In Autumn Glory: Baseball's First World Series, Masur gives a detailed history of the 1903 championship series between the Boston Americans and the Pittsburgh Pirates. Autumn Glory includes all the box scores and statistics a baseball fan would expect, as well as many photographs. Each game in the best-of-nine series, which Boston won in eight games, is given a chapter unto itself. Masur also looked at the human stories of the star players, the owners, and others involved with the series. He discusses the gambling associated with the games, which was widespread, even among the players. Masur's writing on gambling is "stellar," stated David Exum in a Bookreporter.com review. Exum also praised Masur's coverage of the two teams' followers, calling Autumn Glory "an absolute treasure trove of how passionate fans were about their baseball teams in Boston and Pittsburgh during the early days of the game." According to Nine, contributor Richard J. Puerzer, Masur's "fine book provides considerable detail not only on the ball games making up the Series but also on the cultural implications of the Series in the world of baseball as well as in American society."
BIOGRAPHICAL AND CRITICAL SOURCES:
American Heritage, July, 2001, review of 1831: Year of Eclipse, p. 16.
American Historical Review, October, 1990, Myra C. Glenn, review of Rites of Execution: Capital Punishment and the Transformation of American Culture, 1776-1865, p. 1273.
American Journal of Legal History, July, 1990, Francis A. Allen, review of Rites of Execution, p. 317.
American Studies International, April, 1990, Richard Stott, review of Rites of Execution, p. 101.
Annals of the American Academy of Political and Social Science, May, 1990, Paul M. Pruitt, Jr., review of Rites of Execution, p. 188.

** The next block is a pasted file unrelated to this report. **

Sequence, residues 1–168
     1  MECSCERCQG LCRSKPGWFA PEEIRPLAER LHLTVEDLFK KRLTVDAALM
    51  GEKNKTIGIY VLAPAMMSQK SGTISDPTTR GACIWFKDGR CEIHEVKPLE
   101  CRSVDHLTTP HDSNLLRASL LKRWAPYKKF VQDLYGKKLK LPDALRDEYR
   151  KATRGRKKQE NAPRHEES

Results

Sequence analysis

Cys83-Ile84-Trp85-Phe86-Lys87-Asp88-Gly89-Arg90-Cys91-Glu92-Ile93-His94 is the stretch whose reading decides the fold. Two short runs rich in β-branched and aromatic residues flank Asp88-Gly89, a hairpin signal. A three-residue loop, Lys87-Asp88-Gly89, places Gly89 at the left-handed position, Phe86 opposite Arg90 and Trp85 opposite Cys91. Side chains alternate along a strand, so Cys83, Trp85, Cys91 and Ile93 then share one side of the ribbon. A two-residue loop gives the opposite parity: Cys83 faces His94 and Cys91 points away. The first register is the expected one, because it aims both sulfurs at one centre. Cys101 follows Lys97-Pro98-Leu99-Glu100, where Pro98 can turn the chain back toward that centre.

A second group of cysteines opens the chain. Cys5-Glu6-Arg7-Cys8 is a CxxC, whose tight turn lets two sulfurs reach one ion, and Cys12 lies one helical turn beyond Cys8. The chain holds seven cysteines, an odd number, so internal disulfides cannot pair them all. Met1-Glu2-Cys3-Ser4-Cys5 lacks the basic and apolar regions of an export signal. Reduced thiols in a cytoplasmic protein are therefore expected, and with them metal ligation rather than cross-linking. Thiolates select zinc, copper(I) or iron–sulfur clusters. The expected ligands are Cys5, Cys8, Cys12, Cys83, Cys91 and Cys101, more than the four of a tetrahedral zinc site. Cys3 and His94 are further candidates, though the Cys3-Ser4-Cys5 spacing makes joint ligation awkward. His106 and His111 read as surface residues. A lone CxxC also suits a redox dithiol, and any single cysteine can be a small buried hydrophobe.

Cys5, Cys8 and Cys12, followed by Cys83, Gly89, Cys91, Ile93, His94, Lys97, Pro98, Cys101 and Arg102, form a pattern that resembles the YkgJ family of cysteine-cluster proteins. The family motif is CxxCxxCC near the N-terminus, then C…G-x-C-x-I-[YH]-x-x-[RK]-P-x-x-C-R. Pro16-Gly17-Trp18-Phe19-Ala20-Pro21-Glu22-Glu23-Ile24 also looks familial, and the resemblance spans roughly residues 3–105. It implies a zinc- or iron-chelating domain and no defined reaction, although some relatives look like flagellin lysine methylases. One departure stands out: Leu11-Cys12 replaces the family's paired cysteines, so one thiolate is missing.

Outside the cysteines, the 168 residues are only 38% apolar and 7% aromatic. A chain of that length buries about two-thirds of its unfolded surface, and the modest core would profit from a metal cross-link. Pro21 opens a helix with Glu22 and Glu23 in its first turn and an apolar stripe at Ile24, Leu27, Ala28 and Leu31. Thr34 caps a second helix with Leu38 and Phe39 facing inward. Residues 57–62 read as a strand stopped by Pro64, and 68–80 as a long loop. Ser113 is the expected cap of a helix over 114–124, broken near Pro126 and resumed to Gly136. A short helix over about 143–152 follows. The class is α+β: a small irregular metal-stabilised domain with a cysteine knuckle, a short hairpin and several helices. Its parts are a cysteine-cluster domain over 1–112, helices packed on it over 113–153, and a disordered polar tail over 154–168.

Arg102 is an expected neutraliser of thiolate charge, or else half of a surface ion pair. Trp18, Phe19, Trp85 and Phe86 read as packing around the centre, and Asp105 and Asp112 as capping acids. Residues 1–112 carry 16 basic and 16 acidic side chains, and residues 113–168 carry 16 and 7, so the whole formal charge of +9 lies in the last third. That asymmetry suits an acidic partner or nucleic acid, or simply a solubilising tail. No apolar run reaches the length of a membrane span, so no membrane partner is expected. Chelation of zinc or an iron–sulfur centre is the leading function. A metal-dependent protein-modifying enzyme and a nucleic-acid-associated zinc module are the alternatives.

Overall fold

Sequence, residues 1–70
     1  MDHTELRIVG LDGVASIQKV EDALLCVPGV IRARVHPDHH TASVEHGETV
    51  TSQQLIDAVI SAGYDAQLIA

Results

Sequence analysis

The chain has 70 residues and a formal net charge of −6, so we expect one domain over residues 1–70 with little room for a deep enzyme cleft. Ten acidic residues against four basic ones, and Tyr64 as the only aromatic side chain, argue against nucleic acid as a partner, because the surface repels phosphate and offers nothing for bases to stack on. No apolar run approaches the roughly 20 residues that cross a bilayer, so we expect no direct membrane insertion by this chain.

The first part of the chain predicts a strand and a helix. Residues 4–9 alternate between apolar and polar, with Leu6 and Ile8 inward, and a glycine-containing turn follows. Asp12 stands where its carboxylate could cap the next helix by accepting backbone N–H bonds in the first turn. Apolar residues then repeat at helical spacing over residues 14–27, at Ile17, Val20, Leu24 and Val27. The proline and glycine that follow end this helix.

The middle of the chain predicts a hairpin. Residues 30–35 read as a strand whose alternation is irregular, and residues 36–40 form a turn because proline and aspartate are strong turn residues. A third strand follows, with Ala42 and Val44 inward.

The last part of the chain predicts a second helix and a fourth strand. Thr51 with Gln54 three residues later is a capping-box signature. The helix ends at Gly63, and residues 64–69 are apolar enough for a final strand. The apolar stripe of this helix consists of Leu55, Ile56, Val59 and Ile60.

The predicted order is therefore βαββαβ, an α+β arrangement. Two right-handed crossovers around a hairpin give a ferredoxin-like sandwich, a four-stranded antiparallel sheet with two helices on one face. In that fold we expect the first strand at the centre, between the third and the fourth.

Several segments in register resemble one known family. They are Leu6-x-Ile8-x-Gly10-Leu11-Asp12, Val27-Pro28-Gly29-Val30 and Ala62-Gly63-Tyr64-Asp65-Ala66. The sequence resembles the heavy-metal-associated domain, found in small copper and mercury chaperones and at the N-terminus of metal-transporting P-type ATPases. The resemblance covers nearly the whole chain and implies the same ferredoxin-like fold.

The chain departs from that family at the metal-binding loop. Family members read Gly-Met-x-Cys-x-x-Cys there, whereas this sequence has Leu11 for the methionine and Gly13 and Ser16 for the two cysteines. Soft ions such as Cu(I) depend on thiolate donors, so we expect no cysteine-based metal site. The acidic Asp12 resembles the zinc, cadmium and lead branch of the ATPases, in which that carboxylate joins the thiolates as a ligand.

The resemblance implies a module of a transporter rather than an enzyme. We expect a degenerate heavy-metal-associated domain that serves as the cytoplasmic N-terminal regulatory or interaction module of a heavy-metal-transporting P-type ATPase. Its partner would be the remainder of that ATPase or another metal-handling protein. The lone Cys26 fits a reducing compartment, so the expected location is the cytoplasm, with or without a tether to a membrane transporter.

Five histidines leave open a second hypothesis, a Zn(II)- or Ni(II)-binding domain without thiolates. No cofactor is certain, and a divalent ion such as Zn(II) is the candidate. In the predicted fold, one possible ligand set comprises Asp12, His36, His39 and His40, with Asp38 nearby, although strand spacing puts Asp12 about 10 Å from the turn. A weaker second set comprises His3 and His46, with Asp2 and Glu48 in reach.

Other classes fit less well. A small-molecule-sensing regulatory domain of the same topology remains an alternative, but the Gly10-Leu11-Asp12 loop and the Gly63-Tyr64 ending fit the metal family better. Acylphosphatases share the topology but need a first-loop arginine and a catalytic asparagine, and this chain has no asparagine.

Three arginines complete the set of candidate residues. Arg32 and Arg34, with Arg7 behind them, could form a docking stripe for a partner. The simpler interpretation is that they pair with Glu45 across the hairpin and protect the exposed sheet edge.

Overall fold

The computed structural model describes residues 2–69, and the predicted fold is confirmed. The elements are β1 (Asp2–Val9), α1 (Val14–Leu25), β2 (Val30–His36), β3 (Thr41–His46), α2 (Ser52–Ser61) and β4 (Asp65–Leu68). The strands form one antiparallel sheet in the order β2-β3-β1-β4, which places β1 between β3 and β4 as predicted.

Booklist, July 1, 1993, Margaret Flanagan, review of The Real War Will Never Get in the Books: Selections from Writers during the Civil War, p. 1938; February 1, 2001, Mary Carroll, review of 1831, p. 1037; March 15, 2003, GraceAnne DeCandido, review of Autumn Glory: Baseball's First World Series, p. 1267.
Choice, October, 1989, E. Cassara, review of Rites of Execution, p. 378; November 1, 2001, K. Winkle, review of 1831, p. 579; October 1, 2003, review of Autumn Glory, p. 378.
Christian Science Monitor, June 5, 2003, review of Autumn Glory, p. 15.
Journal of American History, June, 1990, Blanche Linden-Ward, review of Rites of Execution, p. 283; March, 2002, review of 1831, p. 1521.
Journal of Social History, fall, 1990, Steven Wilf, review of Rites of Execution, p. 199.
Journal of Southern History, February, 1995, review of The Real War Will Never Get in the Books, p. 159.
Journal of the Early Republic, fall, 1990, review of Rites of Execution, p. 415.
Kirkus Reviews, April 15, 2003, review of Autumn Glory, p. 590.
Law and History Review, spring, 1992, review of Rites of Execution, p. 182.
Law and Social Inquiry, summer, 1989, review of Rites of Execution, p. 623.
Library Journal, June 1, 1993, Brooks D. Simpson, review of The Real War Will Never Get in the Books, p. 152; January 1, 2001, Jim Doyle, review of 1831, p. 131; March 15, 2003, R.C. Cottrell, review of Autumn Glory, p. 90.
Los Angeles Times, March 12, 2001, review of 1831, p. E3.
Nation, January 29, 1990, William S. McFeely, review of Rites of Execution, p. 140.
New England Quarterly, December, 2003, review of Autumn Glory, p. 627.
New York Review of Books, April 7, 1994, C. Vann Woodward, review of The Real War Will Never Get in the Books, p. 36.
New York Times Book Review, February 11, 2001, David Traxel, review of 1831, p. 19; May 26, 2002, review of 1831, p. 20.
Nine, fall, 2004, review of Autumn Glory, p. 135.
Nineteenth-Century Literature, March 1, 1994, review of The Real War Will Never Get in the Books, p. 564.
Publishers Weekly, December 11, 2000, review of 1831, p. 70; March 10, 2003, review of Autumn Glory, p. 60.
Reference & Research Book News, November 1, 1999, review of The Challenge of American History, p. 46; August 1, 2001, review of 1831, p. 54.
Tribune Books (Chicago, IL), December 26, 1993, review of The Real War Will Never Get in the Books, p. 3; June 15, 2003, review of Autumn Glory, p. 1; December 7, 2003, review of Autumn Glory. p. 5.
William and Mary Quarterly, January, 1990, review of Rites of Execution, p. 161.
BookPage,http://www.bookpage.com/ (April 17, 2007), Roger K. Miller, review of 1831.
Bookreporter.com,http://www.bookreporter.com/ (April 17, 2007), David Exum, review of Autumn Glory.
Mostly Fiction,http://www.mostlyfiction.com/ (April 17, 2007), Chuck Barksdale, review of Autumn Glory.